The mean sizes for frogs vs birds genome is 4.68pg ± 0.13 (pg is picograms of genetic material for one complete copy of the genome) vs 1.38pg ± 0.01, meaning that the frog genetic code has about 3 times as much data. They may have felt the extra genetic material would make it easier for them to find DNA that corresponds more closely to the dinosaur DNA better.

Keep in mind that having more genetic data in the genome doesn't always make an organism more complex, it may just mean that the organism hasn't "cleaned" it genetic code and there is a lot of older left-over material from the process of evolution.

The sizes of the genomes are from Gregory, T.R. (2005). Animal Genome Size Database. http://www.genomesize.com

Another fun factoid is that the largest frog genome is 13.40pg, Ceratophrys ornata (8n), Ornate horned frog while the largest bird genome is 2.16pg, Struthio camelus, Ostrich. This means the largest genome from the frog is ~6 times as large as the largest bird genome.

I know its kinda complicated, but I hope it helps.

Also from http://www.genomesize.com/statistics.php?stats=amphibs#stats_top you can see that amphibians other then frogs can have a significantly larger genome then just frogs, they may have just settled on frogs because they are a more easily managed genome then the Gulf coast waterdog, for example, with a genome of 120.60pg (9 times the size of the largest frog).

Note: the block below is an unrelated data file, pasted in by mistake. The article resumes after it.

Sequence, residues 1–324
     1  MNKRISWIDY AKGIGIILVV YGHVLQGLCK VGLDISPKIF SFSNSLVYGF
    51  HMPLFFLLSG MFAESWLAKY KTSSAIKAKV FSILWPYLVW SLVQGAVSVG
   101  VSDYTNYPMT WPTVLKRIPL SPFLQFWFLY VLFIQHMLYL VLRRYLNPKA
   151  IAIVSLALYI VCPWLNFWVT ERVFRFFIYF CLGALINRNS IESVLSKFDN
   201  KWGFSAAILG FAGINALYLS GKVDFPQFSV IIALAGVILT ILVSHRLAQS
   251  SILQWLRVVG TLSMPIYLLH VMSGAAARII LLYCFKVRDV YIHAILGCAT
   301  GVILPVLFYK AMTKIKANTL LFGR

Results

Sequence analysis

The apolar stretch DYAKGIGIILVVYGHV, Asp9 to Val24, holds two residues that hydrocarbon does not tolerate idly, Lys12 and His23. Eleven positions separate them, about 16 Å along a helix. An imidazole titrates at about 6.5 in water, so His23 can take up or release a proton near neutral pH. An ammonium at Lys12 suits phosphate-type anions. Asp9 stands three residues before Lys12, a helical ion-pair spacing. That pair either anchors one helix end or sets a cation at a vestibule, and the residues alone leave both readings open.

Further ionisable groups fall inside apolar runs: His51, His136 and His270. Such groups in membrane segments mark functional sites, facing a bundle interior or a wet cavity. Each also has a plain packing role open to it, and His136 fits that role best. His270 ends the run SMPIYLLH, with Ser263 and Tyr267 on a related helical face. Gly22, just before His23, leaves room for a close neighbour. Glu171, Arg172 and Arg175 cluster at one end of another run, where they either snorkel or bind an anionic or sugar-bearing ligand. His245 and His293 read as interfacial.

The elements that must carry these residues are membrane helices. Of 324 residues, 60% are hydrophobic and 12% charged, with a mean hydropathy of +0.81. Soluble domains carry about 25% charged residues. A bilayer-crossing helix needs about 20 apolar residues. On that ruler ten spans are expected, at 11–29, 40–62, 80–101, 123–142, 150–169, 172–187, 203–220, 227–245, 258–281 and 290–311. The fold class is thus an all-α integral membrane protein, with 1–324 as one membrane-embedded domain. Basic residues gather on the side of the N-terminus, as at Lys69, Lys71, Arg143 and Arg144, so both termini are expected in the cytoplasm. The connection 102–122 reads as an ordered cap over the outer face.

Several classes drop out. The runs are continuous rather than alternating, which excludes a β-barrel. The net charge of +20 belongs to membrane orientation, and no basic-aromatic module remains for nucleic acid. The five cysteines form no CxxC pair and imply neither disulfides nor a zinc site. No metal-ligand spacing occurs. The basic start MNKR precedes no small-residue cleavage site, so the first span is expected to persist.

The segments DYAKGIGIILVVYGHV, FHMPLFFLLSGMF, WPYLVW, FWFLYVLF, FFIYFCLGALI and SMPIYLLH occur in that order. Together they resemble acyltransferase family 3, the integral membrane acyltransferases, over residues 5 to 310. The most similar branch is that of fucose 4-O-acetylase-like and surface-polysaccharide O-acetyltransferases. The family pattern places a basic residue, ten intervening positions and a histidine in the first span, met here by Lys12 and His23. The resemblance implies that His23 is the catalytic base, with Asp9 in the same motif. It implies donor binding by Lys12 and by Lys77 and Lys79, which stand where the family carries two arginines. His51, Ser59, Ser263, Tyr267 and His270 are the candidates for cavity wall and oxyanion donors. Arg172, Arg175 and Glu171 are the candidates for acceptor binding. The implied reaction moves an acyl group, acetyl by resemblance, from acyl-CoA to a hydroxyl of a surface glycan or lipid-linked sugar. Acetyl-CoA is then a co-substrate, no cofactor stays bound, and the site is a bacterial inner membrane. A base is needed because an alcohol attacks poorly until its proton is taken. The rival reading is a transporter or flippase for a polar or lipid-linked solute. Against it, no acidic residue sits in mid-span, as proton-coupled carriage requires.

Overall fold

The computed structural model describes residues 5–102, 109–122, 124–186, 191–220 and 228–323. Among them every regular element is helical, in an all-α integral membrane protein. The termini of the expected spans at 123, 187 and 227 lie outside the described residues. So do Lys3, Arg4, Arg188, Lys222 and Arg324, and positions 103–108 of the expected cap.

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There might be some-pseudo scientific explanations that could fit the bill.

  • Reptiles(including dinosaurs) evolved from amphibians, and birds from reptiles. So, a frog may not necessarily be that far off from a dinosaur.
  • Frogs are easier to experiment with (like rats and mice), so they are more easily used in experiments, and hence their DNA has been studied more.
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First some background reading on Henry Wu's worldview. Page 123 in my copy:

[Wu] paced the living room, pointed to the monitors. "I don't think we should kid ourselves. We haven't re-created the past here. The past is gone. It can never be re-created. What we've done is reconstruct the part — or at least a version of the past. And I'm saying we can make a better version."

"Better than real?"

"Why not?" Wu said. "After all, these animals are already modified. We've inserted genes to make them patentable, and to make them lysine dependent. And we've done everything we can to promote growth, and accelerate development into adulthood."

Hammond shrugged. "That was inevitable. We didn't want to wait. We have investors to consider."

"Of course. But I'm just saying, why stop there? Why not push ahead to make exactly the kind of dinosaur that we'd like to see? One that is more acceptable to visitors, and one that is easier for us to handle? A slower, more docile version for our park?"

Hammond frowned. "But then the dinosaurs wouldn't be real."